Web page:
The Finnish line
We learn about the place of Learning for Sustainability within the recently reformed Finnish curriculum
Our planet’s multiple ecological predicaments and evolving challenges pose complex sustainability questions. Yet a relatively simple lesson from near neighbours in Finland proves early adoption of a broader, more contemporary curriculum in first and second stage education may offer at least some long-term answers.
Defining a fresh approach, Learning for Sustainability (LfS) is a concept with which Scottish teachers have only comparatively recently become familiar. According to the Finns and convinced Scottish educationalists, the intended outcomes of LfS can benefit individual students across a range of school learning and future life endeavours, as well as society at large.
A commitment to enrich and interrelate subject disciplines with the sustainability topic is implicit; aiming to make minds more inquiring, creating better informed attitudes. Learning to learn, some would say.
Irmeli Halinen is Head of National Curriculum Development with the Finnish National Board of Education. She recently addressed a gathering of academics and other interested parties at the University of Edinburgh on Finland’s lead in LfS and its brand of applying LfS. When outlining how Finland reformed its curriculum to offer a quality education with sustainability knowledge and understanding interwoven across studies, she first underlines a significant foundation block.
We believe cultural trust and collaboration in education is the basis of sustainable development
“Finland is a country where practitioners, researchers and policy makers collaborate intensively, all the time, in order to improve the system,” she insists. “We make progress, there is a continuous dialogue.
“We don’t talk about accountability – we don’t have a word for that – but we talk about autonomy and responsibility. Teachers’ professionalism and pedagogical autonomy is one of the keys to the success of teachers. Inclusiveness in learning is another.
“Think from the point of view of the learner and what is happening in the learning process. When we talk about learning we do not talk only about academic learning - but the all round development of children and their sustainable wellbeing. For their lifelong learning – and life-wide learning.”
“In our curriculum reform we believe that this cultural trust and collaboration in education is the basis for sustainable development. Instead of controlling systems there is this collaborative mindset.” For “controlling systems” read standardised testing and school inspections, neither of which are a feature of Finland’s basic general education. Consequently there are no league tables, no competition between schools based on what some see as a narrow concentration on examination attainment.
“We have evaluation and assessment systems but we use them as a feedback for improvement,” she explains.
SITRA (the Finnish Innovation Fund) states that sustainable wellbeing is the pursuit of a good life “within the Earth’s carrying capacity”. All core aspects are included – economic, social, cultural and ecological. These are embedded in education. “That’s what our curriculum reform is about,” says Halinen.
It breaks down into four fundaments:
The impact of a changing world on students’ living environment.
- Changing the concepts of learning and competence as a consequence.
- The role of pupils, not just as recipients of education, in a fit-for-purpose modern learning environment.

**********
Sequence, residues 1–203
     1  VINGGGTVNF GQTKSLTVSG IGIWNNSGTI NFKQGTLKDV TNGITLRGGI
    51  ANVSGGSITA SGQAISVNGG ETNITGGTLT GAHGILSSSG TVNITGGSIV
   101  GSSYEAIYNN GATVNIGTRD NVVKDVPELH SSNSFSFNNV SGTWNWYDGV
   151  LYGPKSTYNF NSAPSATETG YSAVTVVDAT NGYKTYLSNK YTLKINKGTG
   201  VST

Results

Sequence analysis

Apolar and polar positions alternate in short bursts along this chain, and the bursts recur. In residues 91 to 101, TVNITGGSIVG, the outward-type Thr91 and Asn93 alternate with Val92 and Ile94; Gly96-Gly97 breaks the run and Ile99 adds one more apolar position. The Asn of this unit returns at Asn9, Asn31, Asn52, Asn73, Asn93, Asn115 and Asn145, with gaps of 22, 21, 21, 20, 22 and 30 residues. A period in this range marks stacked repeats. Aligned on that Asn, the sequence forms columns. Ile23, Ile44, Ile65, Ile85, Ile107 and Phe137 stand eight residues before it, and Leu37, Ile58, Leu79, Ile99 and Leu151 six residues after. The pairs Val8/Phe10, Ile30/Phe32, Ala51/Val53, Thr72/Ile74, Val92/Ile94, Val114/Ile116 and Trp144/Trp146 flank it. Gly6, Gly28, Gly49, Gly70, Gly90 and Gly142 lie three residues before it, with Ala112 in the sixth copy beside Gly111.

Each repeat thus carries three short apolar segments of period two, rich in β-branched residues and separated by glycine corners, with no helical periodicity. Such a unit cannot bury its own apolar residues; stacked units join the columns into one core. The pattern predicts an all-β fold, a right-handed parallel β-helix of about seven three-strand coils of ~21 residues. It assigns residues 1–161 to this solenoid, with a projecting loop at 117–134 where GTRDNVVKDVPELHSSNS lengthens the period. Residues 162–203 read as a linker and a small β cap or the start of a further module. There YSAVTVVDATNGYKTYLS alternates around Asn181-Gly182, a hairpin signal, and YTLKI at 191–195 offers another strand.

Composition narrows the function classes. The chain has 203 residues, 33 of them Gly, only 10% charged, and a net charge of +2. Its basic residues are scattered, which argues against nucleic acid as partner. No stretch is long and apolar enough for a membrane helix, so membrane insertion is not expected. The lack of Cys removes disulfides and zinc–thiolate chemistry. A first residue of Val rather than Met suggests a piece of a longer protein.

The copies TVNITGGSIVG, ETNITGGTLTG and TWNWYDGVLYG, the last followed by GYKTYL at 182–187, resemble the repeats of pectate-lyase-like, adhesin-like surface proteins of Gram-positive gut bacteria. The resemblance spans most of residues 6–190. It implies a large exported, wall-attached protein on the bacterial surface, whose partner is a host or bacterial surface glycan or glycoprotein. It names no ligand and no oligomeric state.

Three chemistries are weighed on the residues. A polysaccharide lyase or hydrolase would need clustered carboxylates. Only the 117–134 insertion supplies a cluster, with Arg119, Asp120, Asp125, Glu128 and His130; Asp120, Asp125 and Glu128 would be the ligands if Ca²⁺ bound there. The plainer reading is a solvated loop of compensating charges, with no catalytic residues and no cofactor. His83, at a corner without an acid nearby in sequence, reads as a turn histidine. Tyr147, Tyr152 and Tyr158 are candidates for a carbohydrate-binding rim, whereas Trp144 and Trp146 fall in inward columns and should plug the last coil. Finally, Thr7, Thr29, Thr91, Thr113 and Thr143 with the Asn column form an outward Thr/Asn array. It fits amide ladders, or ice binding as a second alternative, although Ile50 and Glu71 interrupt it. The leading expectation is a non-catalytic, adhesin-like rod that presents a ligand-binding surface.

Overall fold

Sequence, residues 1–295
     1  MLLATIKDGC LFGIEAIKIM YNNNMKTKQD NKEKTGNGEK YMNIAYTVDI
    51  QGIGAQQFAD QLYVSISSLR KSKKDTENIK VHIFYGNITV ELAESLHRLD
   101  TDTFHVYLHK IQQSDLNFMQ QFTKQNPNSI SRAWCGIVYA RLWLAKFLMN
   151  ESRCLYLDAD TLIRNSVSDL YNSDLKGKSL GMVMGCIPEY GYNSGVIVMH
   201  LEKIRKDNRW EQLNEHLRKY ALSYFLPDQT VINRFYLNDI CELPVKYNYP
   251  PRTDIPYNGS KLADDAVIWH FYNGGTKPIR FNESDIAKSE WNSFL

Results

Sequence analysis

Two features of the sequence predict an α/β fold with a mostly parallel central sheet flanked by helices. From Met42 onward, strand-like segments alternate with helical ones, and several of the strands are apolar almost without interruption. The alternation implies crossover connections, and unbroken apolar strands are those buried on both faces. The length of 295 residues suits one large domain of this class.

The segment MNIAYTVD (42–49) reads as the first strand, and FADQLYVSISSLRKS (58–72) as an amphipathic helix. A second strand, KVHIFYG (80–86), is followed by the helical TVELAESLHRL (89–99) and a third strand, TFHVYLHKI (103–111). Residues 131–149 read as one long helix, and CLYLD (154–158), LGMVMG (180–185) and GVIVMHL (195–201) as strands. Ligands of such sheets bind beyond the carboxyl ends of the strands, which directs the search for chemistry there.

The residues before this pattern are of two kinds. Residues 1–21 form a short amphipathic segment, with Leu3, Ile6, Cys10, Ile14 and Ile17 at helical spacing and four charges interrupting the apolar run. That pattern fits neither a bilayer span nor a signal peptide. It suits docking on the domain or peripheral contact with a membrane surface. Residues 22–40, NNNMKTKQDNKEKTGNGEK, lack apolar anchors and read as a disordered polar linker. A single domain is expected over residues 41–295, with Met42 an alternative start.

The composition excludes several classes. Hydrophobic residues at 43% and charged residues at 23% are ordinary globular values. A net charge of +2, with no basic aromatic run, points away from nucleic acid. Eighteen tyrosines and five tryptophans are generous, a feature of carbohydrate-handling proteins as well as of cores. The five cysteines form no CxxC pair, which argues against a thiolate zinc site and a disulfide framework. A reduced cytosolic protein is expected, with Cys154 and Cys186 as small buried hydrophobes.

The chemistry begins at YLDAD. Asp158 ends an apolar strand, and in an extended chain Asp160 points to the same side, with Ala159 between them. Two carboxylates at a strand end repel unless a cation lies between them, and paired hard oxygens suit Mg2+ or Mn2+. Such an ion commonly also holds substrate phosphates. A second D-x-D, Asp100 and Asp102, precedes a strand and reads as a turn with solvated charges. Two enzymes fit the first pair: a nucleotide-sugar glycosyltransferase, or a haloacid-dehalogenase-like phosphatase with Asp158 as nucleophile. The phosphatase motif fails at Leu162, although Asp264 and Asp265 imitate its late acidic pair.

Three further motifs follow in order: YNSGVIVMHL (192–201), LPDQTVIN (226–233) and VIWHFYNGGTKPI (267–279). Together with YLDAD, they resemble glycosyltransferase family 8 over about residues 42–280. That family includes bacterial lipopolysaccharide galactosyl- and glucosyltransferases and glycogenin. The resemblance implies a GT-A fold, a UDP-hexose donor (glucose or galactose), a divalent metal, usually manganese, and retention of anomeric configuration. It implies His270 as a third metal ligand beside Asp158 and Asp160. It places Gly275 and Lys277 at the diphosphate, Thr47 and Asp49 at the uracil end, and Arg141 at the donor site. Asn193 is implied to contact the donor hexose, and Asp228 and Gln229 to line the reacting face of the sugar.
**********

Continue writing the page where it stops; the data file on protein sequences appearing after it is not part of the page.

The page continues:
- As a consequence of the first three, the changing role of teachers – and teaching itself.
How to combine academic learning with broader aspects of environment, embracing an outdoor curriculum, while improving student engagement might sum-up those bullets in the Scottish context. The ethos is embedded in Scottish Government future education policy for all learners.
Professor Peter Higgins at the University of Edinburgh’s Moray House School of Education is Chair of the Scottish Government National Implementation Group on LfS - integrating education for sustainable development, global citizenship and outdoor education.
“Research shows that if you engage people in broader environmental sensitisation by spending time in nature, by thinking about how the natural world works, you actually get the ideas for education for sustainable development and global citizenship more readily,” he remarks. “People develop a stronger action focus.”
So where and how does this fit in the available-to-all current curriculum? “That’s the next stage,” Higgins assures. He hesitates to offer a precise date but it is clear this is a priority work in progress.
“If you think about what happens at Advanced Higher or Higher level, that’s one kind of curriculum that’s subject oriented. If you go down a bit to the Nationals, these are broader and there are elements within the Nationals where you can pick-up on these (LfS) themes through the geosciences (and) across other areas. LfS could be built into several subject areas, English, History, etc.
“In broad general education, primary, the thematic approaches expected are quite amenable for LfS being integrated - that’s where the bulk of what’s being done at the moment is focused.
“With that broader education development it is much easier to take in issues like, for example, how we investigate hurricanes in America. You can take one subject like that and it can be built into the broad thematic approaches which are in Curriculum for Excellence.”
Underscoring practical improvements, and even employability advantages, Higgins concludes: “Just think about the way anybody’s job involves a range of joined-up ideas. The difficulty with the current school system is that it doesn’t join-up those ideas well enough after the general education phase. We need to find ways of building that into the fabric of our system.”